The new law declares North Korea a nuclear weapons state.

In an address to the parliament, Kim said that the law stipulates this is "irreversible" and that there will be no more negotiations on denuclearization.

The law also reads that North Korea could use nuclear weapons preemptively, in response to a non-nuclear attack, and in response to any attempt to remove Kim Jong Un from power.

The timing of the surge in North Korean missile tests and apparent preparations for a seventh nuclear test came just after the disastrous U.S. withdrawal from Afghanistan in August of 2021 and suggested Pyongyang saw that event as a sign of U.S. weakness and an opportunity to use its weapons of mass destruction (WMD) programs to blackmail the United States and its allies, to win economic concessions and relief from U.S. and U.N. sanctions.

Pyongyang also likely feels snubbed by Biden.

There is little to the president’s North Korea policy other than renouncing President Trump’s personal diplomacy with Kim Jong Un. Moreover, the current administration has unnecessarily antagonized the North Korean government by refusing to engage it with senior officials and naming a part-time envoy who concurrently serves as U.S. ambassador to Indonesia.

Biden officials have warned North Korea that there will be consequences for a North Korean nuclear test, but it remains unclear what it could do if the North conducts one.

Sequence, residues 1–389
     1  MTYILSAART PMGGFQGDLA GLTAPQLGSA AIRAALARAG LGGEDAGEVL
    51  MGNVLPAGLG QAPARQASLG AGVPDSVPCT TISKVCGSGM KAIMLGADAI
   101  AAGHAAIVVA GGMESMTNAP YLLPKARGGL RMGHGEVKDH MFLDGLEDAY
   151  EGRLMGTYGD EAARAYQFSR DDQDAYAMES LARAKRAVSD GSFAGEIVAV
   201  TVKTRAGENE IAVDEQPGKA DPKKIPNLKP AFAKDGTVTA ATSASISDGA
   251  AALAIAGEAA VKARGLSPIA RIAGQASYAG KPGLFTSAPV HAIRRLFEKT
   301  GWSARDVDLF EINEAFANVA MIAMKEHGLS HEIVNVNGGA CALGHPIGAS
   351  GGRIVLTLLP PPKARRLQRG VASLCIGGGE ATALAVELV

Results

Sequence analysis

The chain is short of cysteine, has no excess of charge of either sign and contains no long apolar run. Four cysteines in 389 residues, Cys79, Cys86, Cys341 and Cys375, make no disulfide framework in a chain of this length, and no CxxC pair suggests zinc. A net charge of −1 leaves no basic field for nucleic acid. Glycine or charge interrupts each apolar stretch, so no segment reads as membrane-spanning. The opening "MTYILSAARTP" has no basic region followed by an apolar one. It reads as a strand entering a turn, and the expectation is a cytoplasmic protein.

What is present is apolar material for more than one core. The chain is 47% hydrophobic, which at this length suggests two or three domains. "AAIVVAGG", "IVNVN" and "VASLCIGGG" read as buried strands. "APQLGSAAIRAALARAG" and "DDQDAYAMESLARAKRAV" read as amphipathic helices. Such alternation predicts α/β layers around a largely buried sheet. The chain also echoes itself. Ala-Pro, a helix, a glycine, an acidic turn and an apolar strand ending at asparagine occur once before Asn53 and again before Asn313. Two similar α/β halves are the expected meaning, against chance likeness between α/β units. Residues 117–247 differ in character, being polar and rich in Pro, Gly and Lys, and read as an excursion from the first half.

North Korea is already one of the most heavily sanctioned nations globally.

The U.S. attempted to pass a UN Security Council resolution sanctioning North Korea for the surge in its missile tests last May, but Russia and China vetoed that, the first Council resolution on North Korea to be vetoed since 1983.

In light of the failed May Security Council resolution and strained U.S. relations with China and Russia, both will probably block any U.S. resolution in the Security Council sanctioning North Korea for a nuclear test.

Moreover, Moscow and Pyongyang have grown closer in recent months due to North Korean support of Russia’s invasion of Ukraine and exports of weapons for Russia to use in the Ukraine war.

If North Korea tests a nuclear weapon in the near future, it would be signaling its irritation with the Biden administration and trying to exploit Biden’s weak foreign policy by blackmailing the U.S. for concessions.

This is another reason why strong presidential leadership and national security policies matter – and why weak presidential leadership and policies are so dangerous.

Fred Fleitz is a Newsmax TV Contributor and vice-chair of the America First Policy Institute Center for American Security. He previously served as National Security Council Chief of staff, CIA analyst, and as a member of the House Intelligence Committee staff. Read more reports from Fred Fleitz — Click Here Now.

© 2023 Newsmax. All rights reserved.


Fred-Fleitz
If North Korea tests a nuclear weapon in the near future, it would be signaling its irritation with the Biden administration and trying to exploit Biden’s weak foreign policy by blackmailing the U.S. for concessions.
afghanistan, denuclearize
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2022-37-28
Friday, 28 October 2022 11:37 AM